Investors pulled about $6.8 billion from high-yield bond funds last week, the third-biggest outflow on record, as investor jitters about the sustainability of yields at multi-year lows caused a selloff in risk assets.
Emerging-market bond funds lost $100 million, their biggest outflow in 42 weeks, Bank of America Merrill Lynch said in a research note, citing EPFR Global fund flow data. Portfolios holding Treasuries benefited from the pullback from risky assets, recording their first inflows in nine weeks.
The selloff that had put U.S. high-yield debt on course for its worst week since March showed signs of abating on Friday as investors used the pick-up in yields as a buying opportunity. BlackRock Inc. money manager Rupert Harrison said the worst is probably over because the rout wasn’t driven by fundamentals.
“We were due a correction like this,” Harrison said in an interview on Bloomberg TV on Thursday. Risk assets “have been doing extremely well and we were due some profit taking. I’m not surprised to see a bounce-back.”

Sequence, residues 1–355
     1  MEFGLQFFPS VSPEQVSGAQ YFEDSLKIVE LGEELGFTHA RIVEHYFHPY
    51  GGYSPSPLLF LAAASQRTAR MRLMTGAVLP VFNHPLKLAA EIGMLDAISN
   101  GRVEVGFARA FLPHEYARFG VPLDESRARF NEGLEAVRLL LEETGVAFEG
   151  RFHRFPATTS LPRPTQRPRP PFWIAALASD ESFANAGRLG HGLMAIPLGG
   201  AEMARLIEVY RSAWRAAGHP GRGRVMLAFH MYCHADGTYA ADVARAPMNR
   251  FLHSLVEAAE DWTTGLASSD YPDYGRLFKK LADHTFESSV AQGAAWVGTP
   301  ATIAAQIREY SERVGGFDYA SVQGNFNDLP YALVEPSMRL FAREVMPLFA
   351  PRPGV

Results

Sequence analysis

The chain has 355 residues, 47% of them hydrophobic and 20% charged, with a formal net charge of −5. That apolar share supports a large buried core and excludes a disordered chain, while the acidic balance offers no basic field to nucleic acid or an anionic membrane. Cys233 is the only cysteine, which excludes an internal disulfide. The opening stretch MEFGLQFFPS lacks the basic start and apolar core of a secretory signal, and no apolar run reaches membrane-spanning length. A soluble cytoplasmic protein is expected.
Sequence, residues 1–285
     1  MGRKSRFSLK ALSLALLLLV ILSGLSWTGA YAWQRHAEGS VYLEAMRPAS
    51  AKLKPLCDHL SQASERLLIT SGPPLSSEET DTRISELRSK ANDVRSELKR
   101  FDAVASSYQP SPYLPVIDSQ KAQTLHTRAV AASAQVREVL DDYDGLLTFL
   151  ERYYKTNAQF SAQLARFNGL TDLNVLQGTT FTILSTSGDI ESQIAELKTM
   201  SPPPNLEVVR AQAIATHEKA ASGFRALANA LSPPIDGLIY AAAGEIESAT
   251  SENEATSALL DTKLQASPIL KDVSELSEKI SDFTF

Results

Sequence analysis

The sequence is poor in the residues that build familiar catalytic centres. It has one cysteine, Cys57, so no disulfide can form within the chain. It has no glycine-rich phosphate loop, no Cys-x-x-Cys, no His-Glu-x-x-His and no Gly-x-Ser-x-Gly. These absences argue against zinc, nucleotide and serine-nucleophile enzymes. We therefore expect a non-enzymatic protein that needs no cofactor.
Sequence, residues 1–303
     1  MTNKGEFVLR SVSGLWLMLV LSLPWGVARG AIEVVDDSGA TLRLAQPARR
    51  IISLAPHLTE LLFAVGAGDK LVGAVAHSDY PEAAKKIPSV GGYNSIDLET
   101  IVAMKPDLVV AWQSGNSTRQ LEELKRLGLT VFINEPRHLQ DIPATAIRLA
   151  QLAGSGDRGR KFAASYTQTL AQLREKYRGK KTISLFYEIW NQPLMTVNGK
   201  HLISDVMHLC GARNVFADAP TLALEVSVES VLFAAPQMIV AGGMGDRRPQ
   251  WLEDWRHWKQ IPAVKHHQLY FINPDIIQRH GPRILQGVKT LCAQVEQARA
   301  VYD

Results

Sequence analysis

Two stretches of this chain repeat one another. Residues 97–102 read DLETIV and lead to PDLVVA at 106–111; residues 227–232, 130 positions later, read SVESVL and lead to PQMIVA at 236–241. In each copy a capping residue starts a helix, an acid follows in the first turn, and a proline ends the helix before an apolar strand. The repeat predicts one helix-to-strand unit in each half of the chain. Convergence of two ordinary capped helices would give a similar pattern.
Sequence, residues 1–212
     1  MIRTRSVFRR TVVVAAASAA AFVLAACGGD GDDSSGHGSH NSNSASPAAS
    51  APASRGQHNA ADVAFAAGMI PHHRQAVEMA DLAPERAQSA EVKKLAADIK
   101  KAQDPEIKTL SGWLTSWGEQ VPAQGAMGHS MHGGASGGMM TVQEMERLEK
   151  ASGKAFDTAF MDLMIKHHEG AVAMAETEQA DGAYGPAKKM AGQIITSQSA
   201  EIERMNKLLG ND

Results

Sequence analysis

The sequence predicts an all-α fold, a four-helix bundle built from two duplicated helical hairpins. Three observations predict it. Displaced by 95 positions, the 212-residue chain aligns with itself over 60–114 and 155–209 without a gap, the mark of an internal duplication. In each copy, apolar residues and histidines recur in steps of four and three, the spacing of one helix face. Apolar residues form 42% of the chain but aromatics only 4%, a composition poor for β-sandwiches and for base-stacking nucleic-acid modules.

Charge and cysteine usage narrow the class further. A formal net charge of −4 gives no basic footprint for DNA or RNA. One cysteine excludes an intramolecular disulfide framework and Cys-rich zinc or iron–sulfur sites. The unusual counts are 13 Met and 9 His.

Still, the redemptions were large enough to spark the first overall outflow from bond funds in 35 weeks. In contrast equity portfolios added $3.2 billion, with tech funds recording their second-biggest ever inflow.
Investors poured $2 billion into Japanese equity funds, fully reversing recent outflows, even as the country’s stock market suffered a four-day slump. U.S. equity portfolios posted $1 billion of inflows, while a similar amount was pulled from European equity funds.
Elsewhere, investment-grade bond portfolios gained $4.8 billion of new money, a 47th straight week of inflows. Gold funds lost $200 million.
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